Sarah Palin’s incomprehensible advice urging Romney and Ryan to “go rogue” and to “come to Jesus” typifies the Elephant in the (a) room full of republicans. Specifically, they are unable to make any reasonably argument of how they will include all Americans. Their message lack the All-American model. If you brush away all the sound bites what emerges from their message is simply, “I can do better;” that’s it, “I can do better.” The republican campaign for President of the United States offers no specifics other than no new taxes for the wealthy. I just don’t get it.
Republicans want the American people to give Mitt Romney the reins of government so that he can give rich people a tax break, which in theory, will motivate the wealthy to hire poor people or maybe not poor people, but Americans in general. Furthermore, he will get rid of “Obamacare,” “The Department of Education,” fix immigration, and focus on reducing the national debt. Now who exactly is excited about this message. Is there something in it for African Americans; nothing exciting comes to mind; is there something in Romney’s message for undocumented immigrants, I don’t see anything that would drive them to the polls. What about women, what is in Romney’s message that resonates with women; I’m lost, because there’s just nothing to put a smile on the face of those people that have been historically marginalized. I haven’t even mentioned gays. And if the polls are correct, the idea of supporting war against Iran has not noticeably moved the Jewish vote one iota. Romney’s message resonates gloom and doom for all those outside of the privilege few in America. He simply lacks a positive optimistic message. Moreover, how confusing is it that Sarah Palin would insert the idea that if he’d only “go rogue” and “come to Jesus” Romney could then have chance of defeating Obama. I’m sorry, but Palin’s message for Romney and Ryan to “go rogue” and “come to Jesus” doesn’t say anything. Perhaps it’s so complex that only Palin understands it. But if that’s the case, she ought to unpack it for us. My guess is that she can’t because to “go rogue” is to trick people into believing you have a solution to the problem when the solution that is really sought is power; plain and simple, power. Understanding Palin’s advice is like trying to interpret someone that is speaking in tongues. Her advice will never motivate most Americans to give republicans their vote. Inserting her opinion as she often does when there’s actually no chance that anyone will use it, only seems to motivate the former Alaskan Governor to continue to supply her party with clueless advice. In a Saturday statement to “The Weekly Standard,” Palin urged Mitt Romney and Paul Ryan to “go Rogue” and said America needs a “come to Jesus” moment. Will someone please tell me exactly what she’s saying.
“With so much at stake in this election, both Mitt Romney and Paul Ryan should ‘go rogue’ and not hold back from telling the American people the true state of our economy and national security,” Palin said.
“America desperately needs to have a ‘come to Jesus’ moment in discussing our big dysfunctional, disconnected and debt-ridden federal government,” Palin said.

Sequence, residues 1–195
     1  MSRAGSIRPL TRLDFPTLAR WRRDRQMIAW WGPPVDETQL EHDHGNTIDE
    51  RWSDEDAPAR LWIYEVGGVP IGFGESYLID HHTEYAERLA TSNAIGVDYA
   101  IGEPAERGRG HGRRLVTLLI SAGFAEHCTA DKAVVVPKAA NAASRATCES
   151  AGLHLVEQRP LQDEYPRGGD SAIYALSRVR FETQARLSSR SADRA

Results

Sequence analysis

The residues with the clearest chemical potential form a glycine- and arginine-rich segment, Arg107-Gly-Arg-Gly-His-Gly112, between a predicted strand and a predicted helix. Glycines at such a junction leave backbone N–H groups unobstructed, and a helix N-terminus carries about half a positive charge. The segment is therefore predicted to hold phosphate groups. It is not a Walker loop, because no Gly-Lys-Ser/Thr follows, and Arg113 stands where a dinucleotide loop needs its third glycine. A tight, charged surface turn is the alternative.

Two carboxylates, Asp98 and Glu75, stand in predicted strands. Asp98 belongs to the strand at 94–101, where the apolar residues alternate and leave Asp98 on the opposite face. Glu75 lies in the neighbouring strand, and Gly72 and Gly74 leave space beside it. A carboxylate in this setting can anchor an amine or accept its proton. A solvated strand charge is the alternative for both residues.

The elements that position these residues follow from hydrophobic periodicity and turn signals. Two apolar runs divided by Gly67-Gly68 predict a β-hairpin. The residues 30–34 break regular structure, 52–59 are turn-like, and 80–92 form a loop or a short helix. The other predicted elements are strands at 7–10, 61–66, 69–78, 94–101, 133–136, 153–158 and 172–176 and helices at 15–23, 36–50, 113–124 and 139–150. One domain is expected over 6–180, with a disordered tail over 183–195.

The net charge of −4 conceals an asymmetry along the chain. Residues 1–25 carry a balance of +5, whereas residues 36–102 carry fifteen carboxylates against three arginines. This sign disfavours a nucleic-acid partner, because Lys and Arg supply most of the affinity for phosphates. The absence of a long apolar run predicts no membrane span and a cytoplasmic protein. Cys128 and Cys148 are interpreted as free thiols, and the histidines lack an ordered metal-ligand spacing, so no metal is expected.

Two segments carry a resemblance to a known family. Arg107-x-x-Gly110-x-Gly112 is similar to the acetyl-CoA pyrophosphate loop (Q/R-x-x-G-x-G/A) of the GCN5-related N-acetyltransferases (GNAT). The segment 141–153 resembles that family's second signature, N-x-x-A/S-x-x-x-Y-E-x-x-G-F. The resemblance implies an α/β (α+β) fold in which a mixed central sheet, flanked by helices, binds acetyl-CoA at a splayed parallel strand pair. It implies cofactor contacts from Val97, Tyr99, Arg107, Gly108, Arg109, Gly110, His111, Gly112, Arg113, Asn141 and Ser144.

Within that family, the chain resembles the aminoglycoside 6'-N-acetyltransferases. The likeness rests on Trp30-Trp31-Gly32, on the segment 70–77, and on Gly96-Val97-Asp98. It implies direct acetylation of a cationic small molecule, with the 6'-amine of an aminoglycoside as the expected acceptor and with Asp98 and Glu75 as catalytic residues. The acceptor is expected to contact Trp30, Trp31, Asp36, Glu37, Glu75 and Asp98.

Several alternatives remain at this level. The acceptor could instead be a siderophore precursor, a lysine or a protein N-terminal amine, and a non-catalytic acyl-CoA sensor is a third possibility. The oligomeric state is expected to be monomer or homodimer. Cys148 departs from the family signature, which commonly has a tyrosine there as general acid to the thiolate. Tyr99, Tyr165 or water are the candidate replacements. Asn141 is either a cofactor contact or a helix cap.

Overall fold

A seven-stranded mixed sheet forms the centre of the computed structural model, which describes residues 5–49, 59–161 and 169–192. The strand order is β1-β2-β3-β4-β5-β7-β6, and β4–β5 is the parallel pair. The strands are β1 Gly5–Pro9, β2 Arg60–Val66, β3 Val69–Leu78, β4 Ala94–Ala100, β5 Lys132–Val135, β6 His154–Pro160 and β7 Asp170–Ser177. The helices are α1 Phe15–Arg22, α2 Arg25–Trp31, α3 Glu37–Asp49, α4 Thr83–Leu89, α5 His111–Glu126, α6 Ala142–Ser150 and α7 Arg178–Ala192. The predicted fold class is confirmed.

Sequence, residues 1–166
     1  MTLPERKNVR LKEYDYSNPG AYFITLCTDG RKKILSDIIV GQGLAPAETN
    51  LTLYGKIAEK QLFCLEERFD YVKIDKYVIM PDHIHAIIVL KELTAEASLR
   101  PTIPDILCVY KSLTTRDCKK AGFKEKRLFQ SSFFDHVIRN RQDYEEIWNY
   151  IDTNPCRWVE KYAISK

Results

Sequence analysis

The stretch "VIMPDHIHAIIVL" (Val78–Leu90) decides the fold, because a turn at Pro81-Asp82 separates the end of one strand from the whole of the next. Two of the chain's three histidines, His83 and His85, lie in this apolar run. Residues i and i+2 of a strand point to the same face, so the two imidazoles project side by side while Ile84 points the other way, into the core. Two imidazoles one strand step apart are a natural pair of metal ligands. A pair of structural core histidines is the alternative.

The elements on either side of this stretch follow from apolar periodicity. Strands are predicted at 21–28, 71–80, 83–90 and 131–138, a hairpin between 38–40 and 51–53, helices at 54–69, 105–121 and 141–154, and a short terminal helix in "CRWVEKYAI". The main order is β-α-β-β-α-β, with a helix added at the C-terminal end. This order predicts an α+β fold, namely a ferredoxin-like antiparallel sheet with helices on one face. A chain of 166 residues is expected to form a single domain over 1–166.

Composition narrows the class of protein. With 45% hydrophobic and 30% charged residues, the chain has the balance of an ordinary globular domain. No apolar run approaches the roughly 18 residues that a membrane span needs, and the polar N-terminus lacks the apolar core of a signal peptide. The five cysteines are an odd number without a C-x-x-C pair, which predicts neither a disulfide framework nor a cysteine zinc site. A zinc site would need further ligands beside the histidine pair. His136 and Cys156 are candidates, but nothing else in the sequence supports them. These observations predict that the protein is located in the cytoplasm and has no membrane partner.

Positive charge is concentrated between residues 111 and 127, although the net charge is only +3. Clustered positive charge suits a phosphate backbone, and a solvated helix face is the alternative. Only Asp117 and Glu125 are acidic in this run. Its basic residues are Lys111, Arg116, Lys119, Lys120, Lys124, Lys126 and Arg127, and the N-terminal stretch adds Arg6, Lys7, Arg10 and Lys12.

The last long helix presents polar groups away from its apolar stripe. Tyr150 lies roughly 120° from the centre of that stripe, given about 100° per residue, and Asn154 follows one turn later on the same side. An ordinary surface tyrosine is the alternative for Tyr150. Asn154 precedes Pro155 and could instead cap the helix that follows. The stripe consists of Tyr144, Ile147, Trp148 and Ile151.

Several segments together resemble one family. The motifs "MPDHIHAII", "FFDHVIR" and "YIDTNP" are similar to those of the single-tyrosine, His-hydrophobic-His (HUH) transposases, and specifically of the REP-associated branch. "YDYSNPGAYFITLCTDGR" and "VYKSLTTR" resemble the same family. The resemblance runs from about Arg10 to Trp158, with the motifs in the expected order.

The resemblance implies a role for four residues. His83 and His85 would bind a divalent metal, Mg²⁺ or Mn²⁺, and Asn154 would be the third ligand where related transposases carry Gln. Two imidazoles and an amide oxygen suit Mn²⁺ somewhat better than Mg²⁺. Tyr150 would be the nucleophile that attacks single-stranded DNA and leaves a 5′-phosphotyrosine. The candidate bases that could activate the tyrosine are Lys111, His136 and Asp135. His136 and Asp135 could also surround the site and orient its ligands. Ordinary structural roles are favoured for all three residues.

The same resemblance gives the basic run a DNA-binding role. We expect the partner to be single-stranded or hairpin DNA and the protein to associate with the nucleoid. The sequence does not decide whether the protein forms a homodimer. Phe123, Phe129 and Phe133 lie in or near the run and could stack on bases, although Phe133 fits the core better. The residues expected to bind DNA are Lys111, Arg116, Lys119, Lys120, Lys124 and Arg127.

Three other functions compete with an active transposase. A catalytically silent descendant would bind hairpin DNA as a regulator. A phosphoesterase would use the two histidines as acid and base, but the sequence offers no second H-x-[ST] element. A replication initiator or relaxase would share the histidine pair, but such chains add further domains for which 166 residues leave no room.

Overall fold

Palin also took a hit at Obama, calling it “appalling” that he “couldn’t even remember how much our national debt is during his interview with David Letterman the other night.” (Obama actually told Letterman, “I don’t remember what the number was precisely.”)
“Even my 10-year-old daughter knows that it’s $16 trillion, and unlike Obama, she’s not responsible for adding trillions to it,” Palin said.
This isn’t the first time Palin has criticized Obama. She recently slammed his “empty chair style of leadership,” making a reference to Clint Eastwood’s bizarre speech from the 2012 Republican National Convention.
Palin suggested that Mitt Romney and Paul Ryan should, quote/unquote, “Go rogue.” Because “Go rogue” is something that Sarah Palin just sort of automatically says at random intervals.
In her criticism of Obama, Palin added that a great American patriot wrote, “If there must be trouble, let it be in my day, that my child may have peace.” Continuing her tirade Palin claimed: “Obama’s motto seems to be, ‘Let the good times roll in my day. The kids can deal with the catastrophic bankruptcy in theirs.’”
Now while it’s never truly been exactly clear what “going rogue” means in any context; some political observers would argue that in Sarah’s case, it means going wildly off-message and ruining John McCain’s slim chance to win the presidency.
However, other observers might argue “going rogue” means nothing at all, and is in fact is a blank signifier, mere airy meaningless persiflage spewed out in a failed effort to obscure the fact that Sarah Palin never actually says anything of substance at all.
Anyway, go rogue, it’s all Obama’s fault, etc.
It’s also cute that Sarah Palin managed to say that Paul Ryan and Mitt Romney should “come to Jesus,” because Sarah Palin really likes talking about Jesus and Jesus-related things in her theocratic way. However, it should be pointed out that Sarah Palin followed that up by quoting Thomas Paine — he’s the “great American patriot” that she references.
Unfortunately for Palin, Thomas Paine was a noted opponent of organized religion, who spent most of his later career attacking religion and its outsized influence on government, which is a wild contrast to what Sarah Palin does.
But then, internal consistency, or looking things up, or research, or knowing what she’s talking about has never been Sarah Palin’s strong suit. And hey, that’s probably what “going rogue” really means. It just means saying meaningless diatribe.
Contributor D. Chandler